We wind around the top of the hill and drop down the far side in a long, gradual descent over open, uneven ground. I try to be as light on my feet as possible. Tuck under some trees at a couple of sharp bends as the trail starts to rise again, through a gate.
At about this point, the first of the medium-pack runners start to pass us. In cross-country, runners are sorted into a slow pack, a medium pack, and a fast pack. The slow pack starts first, and then the medium pack after a couple of minutes, and the fast pack another few minutes later. In this way, fast runners are forced to fight their way through the (ostensibly) slower runners ahead. At each race, the top 10% are promoted to the pack above. When the first medium-pack runner comes racing through, dodging elbows and excursing briefly into a hedgerow, a big lad ahead of me shouts, "Show-off!"
When medium- and eventually fast-pack Striders pass me, I try to make a point of giving them a well done by name. I've long underestimated the motivational power of someone shouting your name while you're in extremis.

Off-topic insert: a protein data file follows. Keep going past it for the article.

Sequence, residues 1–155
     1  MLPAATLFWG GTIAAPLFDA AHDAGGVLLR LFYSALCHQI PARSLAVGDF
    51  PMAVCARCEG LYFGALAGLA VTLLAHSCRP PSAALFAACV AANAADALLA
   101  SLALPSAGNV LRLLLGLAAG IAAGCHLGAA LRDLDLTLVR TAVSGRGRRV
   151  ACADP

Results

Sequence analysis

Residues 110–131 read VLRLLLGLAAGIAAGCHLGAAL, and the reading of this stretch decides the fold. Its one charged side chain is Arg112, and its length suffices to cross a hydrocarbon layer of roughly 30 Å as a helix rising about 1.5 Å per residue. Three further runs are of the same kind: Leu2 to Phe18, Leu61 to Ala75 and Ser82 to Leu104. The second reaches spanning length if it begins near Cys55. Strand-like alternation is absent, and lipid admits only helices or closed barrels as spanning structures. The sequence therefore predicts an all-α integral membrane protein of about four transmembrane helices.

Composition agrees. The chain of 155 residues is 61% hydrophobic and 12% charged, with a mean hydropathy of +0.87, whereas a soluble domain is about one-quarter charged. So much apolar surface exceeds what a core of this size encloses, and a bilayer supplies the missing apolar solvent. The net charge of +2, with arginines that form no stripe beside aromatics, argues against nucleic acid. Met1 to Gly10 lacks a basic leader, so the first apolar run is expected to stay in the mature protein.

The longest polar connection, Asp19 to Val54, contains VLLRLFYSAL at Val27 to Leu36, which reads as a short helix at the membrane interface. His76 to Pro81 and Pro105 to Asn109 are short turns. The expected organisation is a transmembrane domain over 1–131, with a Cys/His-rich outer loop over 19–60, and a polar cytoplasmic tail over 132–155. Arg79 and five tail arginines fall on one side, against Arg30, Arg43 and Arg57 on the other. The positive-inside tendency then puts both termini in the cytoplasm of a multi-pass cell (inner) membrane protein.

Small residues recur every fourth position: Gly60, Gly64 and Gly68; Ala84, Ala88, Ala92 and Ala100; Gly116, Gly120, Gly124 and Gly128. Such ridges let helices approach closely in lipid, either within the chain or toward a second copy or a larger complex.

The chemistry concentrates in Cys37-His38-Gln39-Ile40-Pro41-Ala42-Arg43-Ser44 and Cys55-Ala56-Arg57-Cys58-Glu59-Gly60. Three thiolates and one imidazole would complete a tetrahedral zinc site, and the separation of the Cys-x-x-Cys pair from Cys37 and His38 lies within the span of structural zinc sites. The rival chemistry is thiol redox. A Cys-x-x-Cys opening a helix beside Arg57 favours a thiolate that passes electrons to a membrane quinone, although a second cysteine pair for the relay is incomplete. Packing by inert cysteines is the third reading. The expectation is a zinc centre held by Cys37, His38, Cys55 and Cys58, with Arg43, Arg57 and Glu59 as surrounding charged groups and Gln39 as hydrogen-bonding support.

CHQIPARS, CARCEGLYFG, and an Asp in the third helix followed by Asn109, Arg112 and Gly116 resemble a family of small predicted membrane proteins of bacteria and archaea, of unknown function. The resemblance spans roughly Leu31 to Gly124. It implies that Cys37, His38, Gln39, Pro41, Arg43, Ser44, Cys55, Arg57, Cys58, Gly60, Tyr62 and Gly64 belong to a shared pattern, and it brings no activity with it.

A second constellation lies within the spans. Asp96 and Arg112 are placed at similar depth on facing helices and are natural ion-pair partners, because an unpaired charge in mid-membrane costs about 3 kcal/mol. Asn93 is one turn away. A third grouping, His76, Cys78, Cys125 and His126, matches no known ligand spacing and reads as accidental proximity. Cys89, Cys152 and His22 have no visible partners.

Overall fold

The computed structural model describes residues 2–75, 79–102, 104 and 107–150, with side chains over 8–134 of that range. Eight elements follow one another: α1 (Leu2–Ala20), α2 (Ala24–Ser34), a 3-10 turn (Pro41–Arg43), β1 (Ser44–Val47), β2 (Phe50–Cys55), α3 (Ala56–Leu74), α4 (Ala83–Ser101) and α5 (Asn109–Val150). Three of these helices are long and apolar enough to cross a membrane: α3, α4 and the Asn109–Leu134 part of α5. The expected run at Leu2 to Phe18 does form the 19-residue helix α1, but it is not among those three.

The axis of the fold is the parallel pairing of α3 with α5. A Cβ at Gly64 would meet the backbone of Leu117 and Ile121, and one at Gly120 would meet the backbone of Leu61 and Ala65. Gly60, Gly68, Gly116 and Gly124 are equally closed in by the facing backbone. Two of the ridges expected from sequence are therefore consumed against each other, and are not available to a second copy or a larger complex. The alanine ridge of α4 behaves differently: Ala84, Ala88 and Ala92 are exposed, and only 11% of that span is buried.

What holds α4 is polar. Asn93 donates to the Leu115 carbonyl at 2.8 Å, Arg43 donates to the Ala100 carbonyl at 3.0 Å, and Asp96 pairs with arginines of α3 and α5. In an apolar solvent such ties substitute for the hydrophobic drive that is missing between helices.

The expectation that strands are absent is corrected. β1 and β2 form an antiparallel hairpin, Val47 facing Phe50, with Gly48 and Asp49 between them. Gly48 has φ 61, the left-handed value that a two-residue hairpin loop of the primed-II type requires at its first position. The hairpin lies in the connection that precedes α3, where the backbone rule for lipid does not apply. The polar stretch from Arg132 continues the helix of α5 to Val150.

As we make our way back towards the start line, I can see a long string of colourful runners ahead of me cutting right, then left up a switchbacked gravel track. I briefly consider getting my phone out to take a picture, but almost slide into the back of the runner in front and think better of it. Before I know it, I'm climbing the hill myself, grateful for the grip of the loose gravel. I crest the hill and drop down the bank probably a little more enthusiastically than is strictly safe, then onto a long, straight embankment into a hairpin to close out the first lap.
I check in with myself on the front straight. I'm not breathing too heavily; my left foot, which had been a little sore during my warm-up, is feeling nice and loose. There's a bit of a gap to the runner in front. The sun briefly emerges from between the clouds. I wriggle my phone out from my running belt and take a picture.